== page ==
Power generation from fossil fuel-fired power plants is the largest single source of CO2 emissions. Post combustion capture via chemical absorption is viewed as the most mature CO2 capture technique. This paper presents a study of the post combustion CO2 capture with monoethanolamine (MEA) based on dynamic modelling of the process. The aims of the project were to compare two different approaches (the equilibrium-based approach versus the rate-based approach) in modelling the absorber dynamically and to understand the dynamic behaviour of the absorber during part load operation and with disturbances from the stripper. A powerful modelling and simulation tool gPROMS was chosen to implement the proposed work. The study indicates that the rate-based model gives a better prediction of the chemical absorption process than the equilibrium-based model. The dynamic simulation of the absorber indicates normal absorber column operation could be maintained during part load operation by maintaining the ratio of the flow rates of the lean solvent and flue gas to the absorber. Disturbances in the CO2 loading of the lean solvent to the absorber significantly affect absorber performance. Further work will extend the dynamic modelling to the stripper for whole plant analysis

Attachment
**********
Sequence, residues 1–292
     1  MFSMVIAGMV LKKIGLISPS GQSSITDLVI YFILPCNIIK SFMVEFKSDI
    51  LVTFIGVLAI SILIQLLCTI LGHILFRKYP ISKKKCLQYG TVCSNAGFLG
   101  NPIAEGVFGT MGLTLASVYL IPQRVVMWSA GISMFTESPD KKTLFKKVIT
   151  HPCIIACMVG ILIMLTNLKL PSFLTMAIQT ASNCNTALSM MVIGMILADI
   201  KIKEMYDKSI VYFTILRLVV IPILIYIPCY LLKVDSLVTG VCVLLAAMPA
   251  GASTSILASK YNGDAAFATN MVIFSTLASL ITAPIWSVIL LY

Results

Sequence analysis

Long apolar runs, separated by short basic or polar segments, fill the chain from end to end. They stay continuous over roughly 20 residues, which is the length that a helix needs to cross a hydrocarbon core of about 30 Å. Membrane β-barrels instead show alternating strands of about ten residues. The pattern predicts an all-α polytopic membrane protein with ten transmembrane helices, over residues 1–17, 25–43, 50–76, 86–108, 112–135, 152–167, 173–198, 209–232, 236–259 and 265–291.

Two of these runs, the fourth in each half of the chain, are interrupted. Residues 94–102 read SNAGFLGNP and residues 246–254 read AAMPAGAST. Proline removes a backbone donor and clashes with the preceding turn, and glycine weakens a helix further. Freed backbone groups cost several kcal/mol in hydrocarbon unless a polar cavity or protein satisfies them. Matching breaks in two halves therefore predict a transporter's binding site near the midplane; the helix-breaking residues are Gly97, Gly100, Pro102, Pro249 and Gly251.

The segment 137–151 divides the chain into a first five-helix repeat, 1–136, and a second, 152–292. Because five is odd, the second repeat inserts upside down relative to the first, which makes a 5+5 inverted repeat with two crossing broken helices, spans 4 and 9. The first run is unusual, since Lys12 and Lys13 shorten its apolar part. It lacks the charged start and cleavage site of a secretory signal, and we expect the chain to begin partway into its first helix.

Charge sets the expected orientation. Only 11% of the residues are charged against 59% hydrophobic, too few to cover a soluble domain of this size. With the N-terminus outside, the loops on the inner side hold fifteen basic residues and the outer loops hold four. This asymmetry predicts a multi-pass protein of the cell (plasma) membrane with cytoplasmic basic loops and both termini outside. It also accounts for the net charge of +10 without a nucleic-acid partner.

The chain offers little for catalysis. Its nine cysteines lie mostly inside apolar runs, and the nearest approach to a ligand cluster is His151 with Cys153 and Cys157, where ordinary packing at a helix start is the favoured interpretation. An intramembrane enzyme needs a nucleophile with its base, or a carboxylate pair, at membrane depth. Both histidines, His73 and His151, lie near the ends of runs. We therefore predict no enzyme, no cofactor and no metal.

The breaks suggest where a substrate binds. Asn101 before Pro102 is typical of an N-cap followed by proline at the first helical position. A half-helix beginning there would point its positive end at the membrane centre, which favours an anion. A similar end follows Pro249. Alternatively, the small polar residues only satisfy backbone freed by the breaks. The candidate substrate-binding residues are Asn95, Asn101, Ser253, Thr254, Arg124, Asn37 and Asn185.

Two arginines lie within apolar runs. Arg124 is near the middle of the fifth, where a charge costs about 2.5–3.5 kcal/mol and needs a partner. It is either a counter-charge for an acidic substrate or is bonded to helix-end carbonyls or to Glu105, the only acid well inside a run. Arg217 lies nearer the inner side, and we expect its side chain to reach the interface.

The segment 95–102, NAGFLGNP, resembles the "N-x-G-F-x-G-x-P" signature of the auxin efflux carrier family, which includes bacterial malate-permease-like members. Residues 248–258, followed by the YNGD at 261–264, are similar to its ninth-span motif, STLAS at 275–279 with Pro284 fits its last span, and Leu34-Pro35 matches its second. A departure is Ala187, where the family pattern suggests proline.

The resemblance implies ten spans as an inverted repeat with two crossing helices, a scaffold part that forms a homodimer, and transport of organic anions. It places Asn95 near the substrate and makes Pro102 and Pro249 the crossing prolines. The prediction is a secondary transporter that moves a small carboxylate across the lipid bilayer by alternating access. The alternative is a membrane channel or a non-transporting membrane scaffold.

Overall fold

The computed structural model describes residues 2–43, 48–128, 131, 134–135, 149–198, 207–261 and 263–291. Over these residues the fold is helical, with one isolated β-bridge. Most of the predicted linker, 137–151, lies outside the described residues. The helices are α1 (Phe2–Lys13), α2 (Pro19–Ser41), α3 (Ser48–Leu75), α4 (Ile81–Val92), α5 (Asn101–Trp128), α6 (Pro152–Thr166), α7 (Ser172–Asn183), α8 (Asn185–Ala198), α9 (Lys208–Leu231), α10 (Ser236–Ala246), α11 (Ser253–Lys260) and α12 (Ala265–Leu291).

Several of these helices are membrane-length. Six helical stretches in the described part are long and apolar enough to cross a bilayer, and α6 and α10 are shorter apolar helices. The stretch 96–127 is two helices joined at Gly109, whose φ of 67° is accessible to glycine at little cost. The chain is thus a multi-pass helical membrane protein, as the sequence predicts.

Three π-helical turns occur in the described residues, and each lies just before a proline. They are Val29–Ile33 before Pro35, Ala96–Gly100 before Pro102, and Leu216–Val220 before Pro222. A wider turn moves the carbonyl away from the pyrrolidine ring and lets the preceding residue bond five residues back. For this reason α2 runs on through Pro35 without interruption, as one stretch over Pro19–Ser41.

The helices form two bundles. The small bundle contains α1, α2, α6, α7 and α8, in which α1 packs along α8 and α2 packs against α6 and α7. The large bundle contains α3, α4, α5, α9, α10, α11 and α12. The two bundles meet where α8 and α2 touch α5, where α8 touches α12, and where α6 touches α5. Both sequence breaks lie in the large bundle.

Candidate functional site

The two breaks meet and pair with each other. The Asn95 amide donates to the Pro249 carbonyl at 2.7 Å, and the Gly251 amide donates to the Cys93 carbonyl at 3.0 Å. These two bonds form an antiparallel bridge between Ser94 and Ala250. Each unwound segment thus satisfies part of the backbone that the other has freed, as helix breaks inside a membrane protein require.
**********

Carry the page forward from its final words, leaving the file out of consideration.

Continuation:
To submit an update or takedown request for this paper, please submit an Update/Correction/Removal Request.